Stephanie Blackmon, owner-president of Patriot Services, admitted to providing false information to the Small Business Administration so that Patriot could qualify for certification under Section 8(a) of the Small Business Act. According to court documents, Blackmon purchased and became the president of Patriot in November 2003.
The SEC is looking at reverting to its former stance on how companies disclose and value stock options granted to executives.
North Carolina-based Preferred Labor restricted women to only certain work assignments and accepted discriminatory requests from customers to send only male workers at its location in Worcester Massachusetts, according to the EEOC.
Gov. M. Jodi Rell last week vetoed legislation that would have required group health insurers to offer wellness programs and give enrollees incentives to participate, as well as beefing up benefits in other areas.
A provision in a Senate health reform bill announced last week could help strengthen an aspect of the employer-based system that has unraveled almost completely in the past generation: health benefits for retirees.
After delaying it three times, the Department of Homeland Security has embraced a regulation that would require all federal contractors to use a government-run electronic employment verification system that has drawn criticism from many employers.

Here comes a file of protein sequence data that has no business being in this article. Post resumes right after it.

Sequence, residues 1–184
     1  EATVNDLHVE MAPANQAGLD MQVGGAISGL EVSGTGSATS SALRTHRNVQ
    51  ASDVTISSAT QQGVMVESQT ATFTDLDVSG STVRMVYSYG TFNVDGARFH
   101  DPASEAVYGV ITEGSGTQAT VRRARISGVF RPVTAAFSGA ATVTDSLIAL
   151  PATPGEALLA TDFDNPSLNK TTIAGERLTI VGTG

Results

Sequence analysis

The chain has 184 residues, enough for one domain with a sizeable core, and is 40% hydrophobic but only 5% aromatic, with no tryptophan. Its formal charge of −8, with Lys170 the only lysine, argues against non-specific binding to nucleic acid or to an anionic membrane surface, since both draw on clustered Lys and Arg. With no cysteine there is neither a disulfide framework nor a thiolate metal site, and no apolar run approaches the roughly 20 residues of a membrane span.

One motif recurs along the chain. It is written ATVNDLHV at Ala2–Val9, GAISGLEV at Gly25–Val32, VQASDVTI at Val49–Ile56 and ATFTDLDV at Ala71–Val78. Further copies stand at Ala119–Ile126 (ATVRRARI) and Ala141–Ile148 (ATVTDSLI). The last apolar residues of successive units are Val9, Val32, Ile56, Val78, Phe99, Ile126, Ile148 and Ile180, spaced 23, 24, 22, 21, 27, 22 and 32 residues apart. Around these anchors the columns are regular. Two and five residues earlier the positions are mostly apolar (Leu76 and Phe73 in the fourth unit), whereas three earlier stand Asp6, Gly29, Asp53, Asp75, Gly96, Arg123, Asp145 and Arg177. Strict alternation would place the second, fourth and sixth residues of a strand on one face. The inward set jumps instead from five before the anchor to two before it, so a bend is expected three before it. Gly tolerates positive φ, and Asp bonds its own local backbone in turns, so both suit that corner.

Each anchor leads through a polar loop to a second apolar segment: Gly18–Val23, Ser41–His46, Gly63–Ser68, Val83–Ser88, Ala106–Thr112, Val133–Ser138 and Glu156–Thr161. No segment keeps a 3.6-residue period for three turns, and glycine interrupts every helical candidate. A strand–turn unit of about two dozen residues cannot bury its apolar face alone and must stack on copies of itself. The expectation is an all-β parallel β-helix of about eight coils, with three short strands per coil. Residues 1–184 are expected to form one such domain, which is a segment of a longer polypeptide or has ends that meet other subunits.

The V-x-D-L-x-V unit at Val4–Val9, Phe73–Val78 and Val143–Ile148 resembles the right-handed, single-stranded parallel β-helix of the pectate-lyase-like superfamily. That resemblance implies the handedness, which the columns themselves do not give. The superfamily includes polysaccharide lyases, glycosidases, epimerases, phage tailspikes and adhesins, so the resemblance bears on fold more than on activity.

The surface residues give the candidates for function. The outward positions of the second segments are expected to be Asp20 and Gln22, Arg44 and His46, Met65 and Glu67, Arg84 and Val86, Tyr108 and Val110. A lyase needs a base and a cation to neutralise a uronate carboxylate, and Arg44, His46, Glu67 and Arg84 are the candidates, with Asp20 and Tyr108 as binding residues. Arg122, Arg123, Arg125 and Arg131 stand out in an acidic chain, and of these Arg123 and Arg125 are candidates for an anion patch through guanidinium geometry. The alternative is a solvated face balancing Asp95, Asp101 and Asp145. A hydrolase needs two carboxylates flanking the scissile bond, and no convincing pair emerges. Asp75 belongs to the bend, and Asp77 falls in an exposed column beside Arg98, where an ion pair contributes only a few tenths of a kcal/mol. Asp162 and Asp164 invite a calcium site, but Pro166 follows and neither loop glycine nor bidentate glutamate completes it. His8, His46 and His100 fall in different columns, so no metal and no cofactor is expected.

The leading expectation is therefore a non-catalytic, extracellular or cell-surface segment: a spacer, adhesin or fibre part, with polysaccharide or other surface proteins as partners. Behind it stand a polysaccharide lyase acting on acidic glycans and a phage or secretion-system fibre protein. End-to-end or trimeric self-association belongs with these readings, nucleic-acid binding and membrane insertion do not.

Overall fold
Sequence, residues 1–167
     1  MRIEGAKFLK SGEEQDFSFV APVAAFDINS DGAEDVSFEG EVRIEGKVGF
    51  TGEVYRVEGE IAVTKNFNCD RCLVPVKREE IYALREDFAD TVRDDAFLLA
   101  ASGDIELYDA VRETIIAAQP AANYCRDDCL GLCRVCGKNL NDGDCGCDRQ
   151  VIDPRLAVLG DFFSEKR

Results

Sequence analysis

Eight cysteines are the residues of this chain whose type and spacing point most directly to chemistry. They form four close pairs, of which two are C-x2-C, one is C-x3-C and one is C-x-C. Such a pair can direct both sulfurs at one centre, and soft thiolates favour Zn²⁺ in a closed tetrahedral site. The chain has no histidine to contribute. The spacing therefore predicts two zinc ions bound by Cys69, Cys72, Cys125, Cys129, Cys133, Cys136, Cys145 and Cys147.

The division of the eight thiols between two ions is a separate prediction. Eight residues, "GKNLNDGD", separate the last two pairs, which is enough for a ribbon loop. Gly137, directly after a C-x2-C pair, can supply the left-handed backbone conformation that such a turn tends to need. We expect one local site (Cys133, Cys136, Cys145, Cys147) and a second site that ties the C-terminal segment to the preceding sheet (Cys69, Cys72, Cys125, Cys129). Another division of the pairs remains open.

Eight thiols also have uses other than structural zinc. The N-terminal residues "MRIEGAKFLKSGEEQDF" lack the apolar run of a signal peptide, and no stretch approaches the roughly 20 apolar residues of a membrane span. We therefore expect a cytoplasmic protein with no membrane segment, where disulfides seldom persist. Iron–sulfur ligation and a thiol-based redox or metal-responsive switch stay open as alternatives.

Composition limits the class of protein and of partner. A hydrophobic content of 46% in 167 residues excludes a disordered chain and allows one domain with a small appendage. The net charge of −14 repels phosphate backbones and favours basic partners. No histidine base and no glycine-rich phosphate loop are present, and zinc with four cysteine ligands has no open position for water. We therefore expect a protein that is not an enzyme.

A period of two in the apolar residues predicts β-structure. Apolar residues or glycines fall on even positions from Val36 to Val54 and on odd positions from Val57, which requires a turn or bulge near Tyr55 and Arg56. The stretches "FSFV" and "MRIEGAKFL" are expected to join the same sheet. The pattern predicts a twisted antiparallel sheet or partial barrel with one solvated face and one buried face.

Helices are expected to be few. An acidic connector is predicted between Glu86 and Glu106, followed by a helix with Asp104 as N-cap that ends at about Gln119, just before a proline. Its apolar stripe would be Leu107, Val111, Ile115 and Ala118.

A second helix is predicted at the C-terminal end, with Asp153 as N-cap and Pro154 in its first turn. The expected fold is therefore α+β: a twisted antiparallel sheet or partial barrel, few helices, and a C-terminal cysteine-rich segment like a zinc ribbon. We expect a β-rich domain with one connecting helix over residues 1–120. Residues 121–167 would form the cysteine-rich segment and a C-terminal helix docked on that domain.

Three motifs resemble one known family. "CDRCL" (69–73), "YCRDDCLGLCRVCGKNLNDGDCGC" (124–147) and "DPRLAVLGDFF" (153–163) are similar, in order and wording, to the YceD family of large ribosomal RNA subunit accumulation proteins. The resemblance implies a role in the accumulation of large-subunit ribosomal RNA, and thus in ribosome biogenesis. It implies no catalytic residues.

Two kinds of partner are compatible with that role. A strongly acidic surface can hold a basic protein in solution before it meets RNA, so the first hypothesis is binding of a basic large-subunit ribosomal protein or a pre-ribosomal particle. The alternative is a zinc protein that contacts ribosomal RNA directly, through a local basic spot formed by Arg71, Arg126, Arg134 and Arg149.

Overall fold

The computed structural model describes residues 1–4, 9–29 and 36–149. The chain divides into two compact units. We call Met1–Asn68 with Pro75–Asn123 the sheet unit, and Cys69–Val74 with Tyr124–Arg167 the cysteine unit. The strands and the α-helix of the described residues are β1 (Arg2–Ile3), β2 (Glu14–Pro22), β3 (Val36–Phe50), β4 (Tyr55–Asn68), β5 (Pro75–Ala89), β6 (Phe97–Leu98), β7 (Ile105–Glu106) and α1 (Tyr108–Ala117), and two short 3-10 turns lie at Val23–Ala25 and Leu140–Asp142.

In place of mandatory coverage would be a ‘free rider’ provision requiring employers to pay for employees who get their health care with government assistance.
Justices rule that New Haven, Connecticut, couldn’t justify throwing out the results of employment tests that would have promoted only white firefighters. The decision is sure to have an impact on the private sector, where employment tests are increasingly popular.
The Congressional Budget Office said a slate of legislative options shaped in the Senate Finance Committee could be priced under $1 trillion and expand coverage to 97 percent of Americans even while some Republicans expressed doubts.
The Supreme Court recently side-stepped its first chance to apply a pay discrimination law that Congress approved in reaction to a previous ruling. The decision shows how unpredictable the panel can be on employment law and why it is difficult to project how Sonia Sotomayor may change the court’s approach if she is confirmed.